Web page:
Q. As somebody who played here the first time, how much now does it look like then?
JACK NICKLAUS: It doesn't look like it at all. The bunkers, when they did the golf course, the bunkers -- he made the bunkers without any walk-outs, or any islands, and the original golf course had islands and fingers down in the bunkers and so forth. My guess is that over the next year or two he's going to come back in and do that. He's got to come back in. You can't have people walking up the banks of bunkers. I think he's going to have to do that. I don't know why they didn't do it when they started. Or maybe he had a reason for not doing it. And if you know what that reason is, I'd like to know. Do you?
Q. I think he says how he wanted them steep on all sides -- just so the ball never plugs in there, it always comes down, falls down into the bottom?
JACK NICKLAUS: What -- it's falling down into is a crease, all the bunkers are increased at the bottom, and they have to learn how to rake the bunkers. They're raking the bunkers around the bottom and up the banks and putting a crease in it. All the balls are rolling in the increase. He says: "I can't get them to rake them the way I want them to wake them." That's the problem we have. They'll learn that. Good gracious, I've got 138 in play now, and do I have every golf course the way I want it; do they maintain the way I want? Of course, they don't. You've got to work with them and it takes time. And, I think Raymond did a nice job and I think in time they're going to learn to do the things he wants to do, and there will be some things for maintenance that he's going to have to adjust to and make corrections on some things. But, every golf course has that. For the first time out of the block, for what he did, he did a heck of a good job.
Q. Does the course play the way it did? You said it doesn't look the way it did, but does it play the way it did 35 years ago?
JACK NICKLAUS: I wouldn't know. I certainly played no game 35 years ago that I found I have in my bag today, so, I have a hard time guessing, if you know what I'm saying. The way I played 35 years ago it wouldn't make much difference. The bunkers I'm finding, the first ones, I never even looked at those, if they would have been there 35 years ago.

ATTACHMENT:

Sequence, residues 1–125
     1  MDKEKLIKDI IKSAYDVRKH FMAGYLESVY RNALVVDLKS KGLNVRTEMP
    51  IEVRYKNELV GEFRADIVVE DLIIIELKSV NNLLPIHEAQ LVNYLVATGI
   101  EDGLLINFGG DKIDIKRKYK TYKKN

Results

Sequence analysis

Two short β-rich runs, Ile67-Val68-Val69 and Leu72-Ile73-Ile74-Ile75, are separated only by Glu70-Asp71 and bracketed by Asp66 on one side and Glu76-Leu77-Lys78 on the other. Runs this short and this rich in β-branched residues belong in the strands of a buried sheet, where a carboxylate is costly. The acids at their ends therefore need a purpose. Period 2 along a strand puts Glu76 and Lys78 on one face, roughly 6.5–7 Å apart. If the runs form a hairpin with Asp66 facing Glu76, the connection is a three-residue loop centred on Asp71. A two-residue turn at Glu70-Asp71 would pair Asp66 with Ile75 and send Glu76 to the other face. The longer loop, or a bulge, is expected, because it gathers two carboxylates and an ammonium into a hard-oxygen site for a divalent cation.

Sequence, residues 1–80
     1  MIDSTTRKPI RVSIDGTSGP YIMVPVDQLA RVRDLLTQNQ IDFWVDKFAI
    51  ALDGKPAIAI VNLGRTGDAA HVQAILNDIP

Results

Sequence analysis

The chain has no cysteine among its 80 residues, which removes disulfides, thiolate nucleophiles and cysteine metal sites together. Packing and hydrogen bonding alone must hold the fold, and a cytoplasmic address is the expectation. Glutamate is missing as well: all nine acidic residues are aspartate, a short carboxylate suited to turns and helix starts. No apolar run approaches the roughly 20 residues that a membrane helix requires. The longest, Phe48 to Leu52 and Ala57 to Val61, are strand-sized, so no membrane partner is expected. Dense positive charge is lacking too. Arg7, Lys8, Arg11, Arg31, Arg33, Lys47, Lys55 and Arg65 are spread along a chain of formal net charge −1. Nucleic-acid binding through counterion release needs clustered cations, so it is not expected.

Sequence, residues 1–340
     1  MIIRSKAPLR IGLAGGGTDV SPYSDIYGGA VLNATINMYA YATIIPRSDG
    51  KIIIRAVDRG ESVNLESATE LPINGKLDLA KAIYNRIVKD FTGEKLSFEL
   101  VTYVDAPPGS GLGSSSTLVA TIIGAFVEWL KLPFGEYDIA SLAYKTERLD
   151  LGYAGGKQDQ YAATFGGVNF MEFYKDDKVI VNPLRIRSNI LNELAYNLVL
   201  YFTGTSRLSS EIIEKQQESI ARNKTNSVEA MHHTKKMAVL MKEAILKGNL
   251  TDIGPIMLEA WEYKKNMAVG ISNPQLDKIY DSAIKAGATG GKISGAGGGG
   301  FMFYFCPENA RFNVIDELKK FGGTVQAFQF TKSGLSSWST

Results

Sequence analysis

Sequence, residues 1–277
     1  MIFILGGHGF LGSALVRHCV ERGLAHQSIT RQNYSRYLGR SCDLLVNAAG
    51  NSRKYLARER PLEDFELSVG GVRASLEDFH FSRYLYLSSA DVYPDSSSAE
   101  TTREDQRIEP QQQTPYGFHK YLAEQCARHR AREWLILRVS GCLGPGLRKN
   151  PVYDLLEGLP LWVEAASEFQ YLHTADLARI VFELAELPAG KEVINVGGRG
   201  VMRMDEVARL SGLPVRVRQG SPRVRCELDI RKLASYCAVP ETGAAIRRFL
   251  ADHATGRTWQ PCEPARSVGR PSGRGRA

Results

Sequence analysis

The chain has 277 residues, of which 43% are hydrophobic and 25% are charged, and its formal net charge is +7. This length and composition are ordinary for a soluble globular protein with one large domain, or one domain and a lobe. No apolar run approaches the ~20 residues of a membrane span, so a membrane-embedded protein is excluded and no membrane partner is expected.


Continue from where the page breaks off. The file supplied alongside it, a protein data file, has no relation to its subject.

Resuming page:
Q. Raymond said that when he first played this course it was probably the hardest course he had ever played. Do you share some of those same feelings?
JACK NICKLAUS: It had a lot of very, very hard features on it. A lot of balls would run and get off the greens and get away from them and very difficult to get up-and-down. It had a lot of those features on the golf course.
Q. Talk a little bit about Tiger. I don't know how much you've played with him or met him or all those kind of things.
JACK NICKLAUS: I haven't played with him since the U.S. Open last year. Seen him one time since.
Q. What do you think about what he's done since turning pro?
JACK NICKLAUS: I would be pretty hard pressed to say anything different than what anybody else has said. I think he's phenomenal.
Q. Nowadays with all the attention, media pressure, all the various things, did you have to deal with the same type of things that he has to?
JACK NICKLAUS: To a much lesser degree. I don't think that I had anywhere near the amount of media or public pressure that this young man has had, and he has handled it beautifully.
Q. How does that impact on a guy's game, head?
JACK NICKLAUS: I don't know. It maybe impacted his game to where he played better. He didn't play anywhere near as well in the amateurs as he is. He is certainly a good amateur, but not as good as he is now.
Q. He's certainly a positive for the sport. Everyone has said that. Getting away from Tiger, do you see anything at all in this golf growth, boom, whatever, that you're a little worried about it, because you've spent years building up the game? Is there anything on the horizon, maybe how expensive clubs are becoming or the absence of daily fee courses?
JACK NICKLAUS: That's really become very much on the upswing.